Back in April, we released our updated suite of VMware monitoring. We’ve had lots of great additions to the LogicMonitor platform recently and really wanted our VMware monitoring to take advantage of these new powerful features. We also took the opportunity to provide new coverage, updating existing VMware monitoring modules, as well as adding some new modules entirely. We’ve brought the power of automatically assigned properties to our VMware monitoring. This allows a completely new type of insight into your infrastructure, showing the relationship between objects. For example: when you get an alert on a VM you probably need to determine what cluster it belongs to. With our automatic property assignment you can determine this within LogicMonitor — no need to jump into vCenter and hunt down the VM by name. Or maybe you’re a managed service provider using VMware Orchestrator to provision and tag VMs for various clients. We now pull those tags in as properties as well so you can save yourself switching between LogicMonitor and Orchestrator or vSphere. In addition to greater insight, automatic properties are also useful for filtering and grouping monitored instances. If you’re an MSP running VMs for various customers in one cluster, you can sort your VMs by customer using your existing Orchestrator tags. Because they’re grouped by tag, you can quickly see which of your customers is affected when you get an alert.
We’ve also added some new monitoring coverage, such as the new HA Admission Control monitoring module, that will track available failover resources and check them against your configured reservation. If your full reservation isn’t available, we’ll alert you so you can be sure your critical VMs have their reserved resources and are able to boot. The VM ConfigSource is our newest addition. It pulls .vmx files — the text files that contain the virtual hardware configuration — from vSphere hosts. It’s a great way for your entire team to see the changes any one individual may have made to a VM’s configuration, and correlate that change to its health and performance data. And if that change happens to break something, you can download the original .vmx file right out of LogicMonitor to get things back on track.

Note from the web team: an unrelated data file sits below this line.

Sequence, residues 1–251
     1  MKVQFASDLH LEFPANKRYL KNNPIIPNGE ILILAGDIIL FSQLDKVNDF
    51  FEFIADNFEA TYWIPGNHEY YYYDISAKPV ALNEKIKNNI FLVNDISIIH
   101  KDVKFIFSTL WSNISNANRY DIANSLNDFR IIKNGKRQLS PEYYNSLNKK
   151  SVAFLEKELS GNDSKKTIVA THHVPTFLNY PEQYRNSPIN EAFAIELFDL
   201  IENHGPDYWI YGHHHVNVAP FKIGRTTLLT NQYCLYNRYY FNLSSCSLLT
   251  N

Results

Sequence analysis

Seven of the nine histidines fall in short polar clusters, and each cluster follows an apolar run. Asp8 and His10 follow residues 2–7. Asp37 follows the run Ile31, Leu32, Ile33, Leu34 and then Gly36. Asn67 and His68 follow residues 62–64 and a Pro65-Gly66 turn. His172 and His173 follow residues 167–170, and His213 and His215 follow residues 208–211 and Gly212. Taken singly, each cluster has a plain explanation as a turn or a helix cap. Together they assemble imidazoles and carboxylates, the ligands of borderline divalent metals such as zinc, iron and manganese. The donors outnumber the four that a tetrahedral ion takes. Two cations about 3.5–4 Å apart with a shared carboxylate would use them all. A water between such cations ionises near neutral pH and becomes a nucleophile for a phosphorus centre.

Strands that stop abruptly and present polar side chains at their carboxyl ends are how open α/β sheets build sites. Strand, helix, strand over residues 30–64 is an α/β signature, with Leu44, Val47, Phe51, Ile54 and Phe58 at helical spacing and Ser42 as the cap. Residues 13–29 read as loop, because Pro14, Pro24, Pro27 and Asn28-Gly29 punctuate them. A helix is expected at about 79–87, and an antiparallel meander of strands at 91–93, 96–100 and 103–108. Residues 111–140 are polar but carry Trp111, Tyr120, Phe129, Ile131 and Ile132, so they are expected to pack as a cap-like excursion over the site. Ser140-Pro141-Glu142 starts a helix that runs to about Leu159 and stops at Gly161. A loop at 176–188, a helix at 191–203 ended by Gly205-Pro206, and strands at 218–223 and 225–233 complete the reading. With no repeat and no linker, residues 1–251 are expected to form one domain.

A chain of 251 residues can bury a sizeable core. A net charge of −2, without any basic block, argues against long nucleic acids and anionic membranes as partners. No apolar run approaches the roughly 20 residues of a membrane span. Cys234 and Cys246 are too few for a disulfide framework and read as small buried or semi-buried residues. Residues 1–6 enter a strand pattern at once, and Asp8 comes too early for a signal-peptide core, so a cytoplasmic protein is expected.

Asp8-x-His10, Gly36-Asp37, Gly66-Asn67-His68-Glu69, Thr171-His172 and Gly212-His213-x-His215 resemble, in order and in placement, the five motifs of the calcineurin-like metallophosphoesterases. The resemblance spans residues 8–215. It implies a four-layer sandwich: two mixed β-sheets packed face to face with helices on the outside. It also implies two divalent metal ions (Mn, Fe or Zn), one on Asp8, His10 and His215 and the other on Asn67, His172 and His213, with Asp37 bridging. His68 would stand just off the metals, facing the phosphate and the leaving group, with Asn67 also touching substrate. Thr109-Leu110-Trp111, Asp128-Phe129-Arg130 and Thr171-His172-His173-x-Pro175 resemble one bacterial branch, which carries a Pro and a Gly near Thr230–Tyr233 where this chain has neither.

However, there’s more to your infrastructure than VMware. If you’re not monitoring everything your applications depend on, you don’t really have comprehensive insight into your IT environment. vSphere’s performance monitor can tell you that a VM is experiencing high write latency, but it won’t tell you that the RAID volume underlying the Datastore experienced a drive failure and is rebuilding. The web server running on your VM might not be responsive, or your database server may be experiencing cache starvation, but vSphere can’t tell you any of this because it doesn’t have any insight into what’s going on inside your VMs — and it doesn’t care. If you are tasked with keeping applications up and responsive, your monitoring needs to span all the components and systems involved – otherwise your outage rate and time to repair will both be significantly worse. That’s where a tool that presents a unified view of your infrastructure and applications – like LogicMonitor – can make your job easier. (And the fact that it’s automated means it can discover your storage systems, web servers, database servers — and everything else in your operations infrastructure — and start monitoring them for you automatically — and maybe even let you leave work at a decent hour!).
If you’d like to know more about our VMware monitoring, what’s covered, or how it works, stop by our booth at VMworld 2017! I’ll be there representing the Monitoring Team and I look forward to see what prospects and customers are most interested in. Come geek out on monitoring with us!